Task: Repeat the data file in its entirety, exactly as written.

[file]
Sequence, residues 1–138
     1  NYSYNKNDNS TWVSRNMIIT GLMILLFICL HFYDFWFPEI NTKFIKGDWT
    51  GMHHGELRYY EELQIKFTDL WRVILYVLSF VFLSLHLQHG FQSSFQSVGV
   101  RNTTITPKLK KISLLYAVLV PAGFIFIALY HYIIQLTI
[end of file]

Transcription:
Sequence, residues 1–138
     1  NYSYNKNDNS TWVSRNMIIT GLMILLFICL HFYDFWFPEI NTKFIKGDWT
    51  GMHHGELRYY EELQIKFTDL WRVILYVLSF VFLSLHLQHG FQSSFQSVGV
   101  RNTTITPKLK KISLLYAVLV PAGFIFIALY HYIIQLTI